Lucinda Roy, author of No Right to Remain Silent: The Tragedy at Virginia Tech, believes that education is heading to a perfect storm. Although she said she was warned not to write the book, she did so because “I believe we have to speak openly if we are to prevent these tragedies.”
Roy shared her comments during Virginia Press Women’s fall conference when she was honored as its Newsmaker of the Year.
Roy lists 10 reasons why education is heading to a perfect storm —
1) Shortage of teachers
2) Lack of mental treament facilities for students
3) Accessibility to gun and bomb making information on the Internet
4) Mental illness and suicidal tendencies in students
5) Non-teacherly focus of presidents, deans, who have not taught
6) Pop culture exposure to excessive violence
7) Growing divide that separates youth culture and adult culture
8) Prevalence of bullying in K-12
9) Rise in alcohol, drug abuse
10) Open campuses with littel security
She wrote the book because “We have to speak out,” she said. “We can’t let it happen again.”
4 thoughts on “A Perfect Storm”
I have wondered if such mayhem went on when I attended school, as some claim. No; children weren’t afraid of being beaten, shot, or stabbed. We even had public “reform schools” for “juvenile delinquents.” Yes, let me answer the question before it’s asked, there were many injustices in this system. But children attended school without fear of shootings, stabbings, and beatings. Social propriety and ethical behavior were expected of children, teachers, and parents. I wonder at parents and principals who think that abusive, violent, sociopathic behaviors are “part of being a kid.”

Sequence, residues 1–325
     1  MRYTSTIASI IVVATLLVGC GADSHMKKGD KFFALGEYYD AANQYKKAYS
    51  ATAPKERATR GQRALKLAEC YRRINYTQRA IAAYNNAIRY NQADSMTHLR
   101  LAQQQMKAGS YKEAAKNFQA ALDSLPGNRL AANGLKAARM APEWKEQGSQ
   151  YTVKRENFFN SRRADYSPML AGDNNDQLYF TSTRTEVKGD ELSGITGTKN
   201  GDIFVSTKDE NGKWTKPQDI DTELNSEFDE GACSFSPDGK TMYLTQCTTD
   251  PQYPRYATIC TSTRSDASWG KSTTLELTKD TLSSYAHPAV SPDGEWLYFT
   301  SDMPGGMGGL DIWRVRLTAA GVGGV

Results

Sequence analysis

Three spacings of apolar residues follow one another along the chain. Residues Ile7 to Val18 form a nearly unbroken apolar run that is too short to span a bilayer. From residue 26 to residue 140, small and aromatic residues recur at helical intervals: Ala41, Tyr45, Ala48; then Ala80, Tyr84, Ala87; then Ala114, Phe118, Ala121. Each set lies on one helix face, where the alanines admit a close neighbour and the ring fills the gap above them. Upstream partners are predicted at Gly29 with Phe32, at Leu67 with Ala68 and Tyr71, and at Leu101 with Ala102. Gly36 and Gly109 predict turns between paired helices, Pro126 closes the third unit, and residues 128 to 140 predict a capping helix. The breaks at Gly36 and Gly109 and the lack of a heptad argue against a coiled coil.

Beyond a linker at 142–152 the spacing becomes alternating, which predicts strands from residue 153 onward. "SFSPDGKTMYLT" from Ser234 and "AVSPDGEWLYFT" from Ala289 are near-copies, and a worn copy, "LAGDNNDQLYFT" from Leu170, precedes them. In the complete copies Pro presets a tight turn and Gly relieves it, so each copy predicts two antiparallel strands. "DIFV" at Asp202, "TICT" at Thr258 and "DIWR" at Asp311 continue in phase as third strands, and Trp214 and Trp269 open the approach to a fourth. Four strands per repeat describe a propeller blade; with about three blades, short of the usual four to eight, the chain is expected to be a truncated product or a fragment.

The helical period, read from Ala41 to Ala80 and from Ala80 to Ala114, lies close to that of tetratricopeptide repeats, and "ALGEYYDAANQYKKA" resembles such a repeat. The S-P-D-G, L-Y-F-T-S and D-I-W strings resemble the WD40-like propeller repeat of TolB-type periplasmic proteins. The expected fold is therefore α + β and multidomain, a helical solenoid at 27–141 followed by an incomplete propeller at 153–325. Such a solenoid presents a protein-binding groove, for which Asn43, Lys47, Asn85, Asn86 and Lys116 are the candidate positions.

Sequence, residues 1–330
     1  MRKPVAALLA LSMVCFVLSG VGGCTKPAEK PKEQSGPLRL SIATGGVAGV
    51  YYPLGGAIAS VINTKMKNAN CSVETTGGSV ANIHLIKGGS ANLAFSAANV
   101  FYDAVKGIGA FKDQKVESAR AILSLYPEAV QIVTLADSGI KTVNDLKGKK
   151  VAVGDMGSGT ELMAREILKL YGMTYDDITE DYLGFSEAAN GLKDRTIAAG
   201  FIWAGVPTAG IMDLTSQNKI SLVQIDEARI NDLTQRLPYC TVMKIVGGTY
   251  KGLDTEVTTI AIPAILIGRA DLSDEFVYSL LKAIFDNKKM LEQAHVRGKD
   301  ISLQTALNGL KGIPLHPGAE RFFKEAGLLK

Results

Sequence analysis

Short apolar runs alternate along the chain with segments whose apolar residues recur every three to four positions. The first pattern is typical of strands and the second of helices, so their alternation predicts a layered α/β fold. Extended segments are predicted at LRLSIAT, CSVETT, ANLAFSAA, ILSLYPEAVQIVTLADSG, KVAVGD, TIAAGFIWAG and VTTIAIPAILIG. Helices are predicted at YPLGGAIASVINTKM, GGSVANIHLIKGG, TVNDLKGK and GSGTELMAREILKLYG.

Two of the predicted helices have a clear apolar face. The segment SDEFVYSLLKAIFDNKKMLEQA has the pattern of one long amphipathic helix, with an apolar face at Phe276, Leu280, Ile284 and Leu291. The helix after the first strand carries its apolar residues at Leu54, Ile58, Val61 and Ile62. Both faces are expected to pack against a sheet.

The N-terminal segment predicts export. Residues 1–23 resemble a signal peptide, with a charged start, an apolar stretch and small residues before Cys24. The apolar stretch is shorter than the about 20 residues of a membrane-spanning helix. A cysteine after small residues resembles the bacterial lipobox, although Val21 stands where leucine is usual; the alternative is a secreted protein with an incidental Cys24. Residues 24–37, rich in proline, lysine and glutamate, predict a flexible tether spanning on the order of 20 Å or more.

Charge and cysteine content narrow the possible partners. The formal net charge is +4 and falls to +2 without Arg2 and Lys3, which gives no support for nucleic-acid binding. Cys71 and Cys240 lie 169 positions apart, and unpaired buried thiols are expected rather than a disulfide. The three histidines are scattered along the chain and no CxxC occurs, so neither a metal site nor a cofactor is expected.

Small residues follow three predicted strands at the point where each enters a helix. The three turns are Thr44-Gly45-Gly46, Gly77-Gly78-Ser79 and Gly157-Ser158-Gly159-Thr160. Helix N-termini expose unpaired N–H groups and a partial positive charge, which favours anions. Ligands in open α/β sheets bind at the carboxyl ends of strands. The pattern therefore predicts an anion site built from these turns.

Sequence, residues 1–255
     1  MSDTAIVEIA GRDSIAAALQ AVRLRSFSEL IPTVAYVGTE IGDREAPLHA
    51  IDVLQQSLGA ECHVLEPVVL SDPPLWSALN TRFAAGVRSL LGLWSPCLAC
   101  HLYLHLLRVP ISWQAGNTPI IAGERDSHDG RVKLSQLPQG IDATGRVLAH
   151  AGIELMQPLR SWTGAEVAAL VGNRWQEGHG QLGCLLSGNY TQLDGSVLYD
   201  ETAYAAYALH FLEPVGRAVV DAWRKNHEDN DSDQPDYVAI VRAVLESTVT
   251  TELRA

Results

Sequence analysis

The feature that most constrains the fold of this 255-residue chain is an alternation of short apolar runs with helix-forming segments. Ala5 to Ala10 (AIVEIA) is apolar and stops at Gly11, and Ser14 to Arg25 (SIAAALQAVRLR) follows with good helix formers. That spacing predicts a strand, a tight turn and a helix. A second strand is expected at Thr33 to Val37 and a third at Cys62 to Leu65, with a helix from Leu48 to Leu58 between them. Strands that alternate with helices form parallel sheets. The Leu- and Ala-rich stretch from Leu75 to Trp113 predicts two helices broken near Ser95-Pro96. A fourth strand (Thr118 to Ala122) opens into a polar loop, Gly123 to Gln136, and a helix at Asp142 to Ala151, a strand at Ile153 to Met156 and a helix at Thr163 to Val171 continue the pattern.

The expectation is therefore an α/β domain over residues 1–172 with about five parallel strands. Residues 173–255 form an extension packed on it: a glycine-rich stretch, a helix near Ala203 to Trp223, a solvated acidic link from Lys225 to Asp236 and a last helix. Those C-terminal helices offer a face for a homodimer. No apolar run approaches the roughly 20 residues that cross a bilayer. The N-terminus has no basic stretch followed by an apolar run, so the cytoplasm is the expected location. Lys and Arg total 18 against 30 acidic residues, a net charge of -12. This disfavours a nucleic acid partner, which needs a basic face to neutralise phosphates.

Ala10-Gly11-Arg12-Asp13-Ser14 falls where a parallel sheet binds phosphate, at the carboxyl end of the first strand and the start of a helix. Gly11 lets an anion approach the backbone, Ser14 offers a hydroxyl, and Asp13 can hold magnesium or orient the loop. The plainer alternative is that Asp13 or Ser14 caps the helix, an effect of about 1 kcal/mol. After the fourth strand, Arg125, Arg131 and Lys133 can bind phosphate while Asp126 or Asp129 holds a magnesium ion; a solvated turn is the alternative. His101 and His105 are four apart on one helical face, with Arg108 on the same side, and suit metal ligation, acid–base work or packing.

Today many new teachers spawned by disastrous schools are worse than the children. A day doesn’t pass without a salacious story of teachers molesting children, indulging themselves in sexual behavior, hetero and gay, or selling drugs.
Lucinda Roy is courageous to voice the unthinkable: money won’t improve the schools. I’m thankful for journalists who don’t pander to administrators, political spokesmen, psychologists, fundamentalists, or the crowd. Roy’s straightforward exposition is irrefutable.
She was quite the speaker. She gave everyone in the audience much to think about.
I am on the Marketing Communications staff at Texas A&M University-Commerce, a little over an hour from Dallas. I really appreciated your article, great points. I was at the NFPW conference in Richmond and met a few of the Virginia Tech staffers. Best of luck to you.
Mary Lou Hazal
Glad you made it to Richmond. I was one of the co-organizers and loved the line up of speakers, but hardly had time to hear any! Hope to see you in Chicago.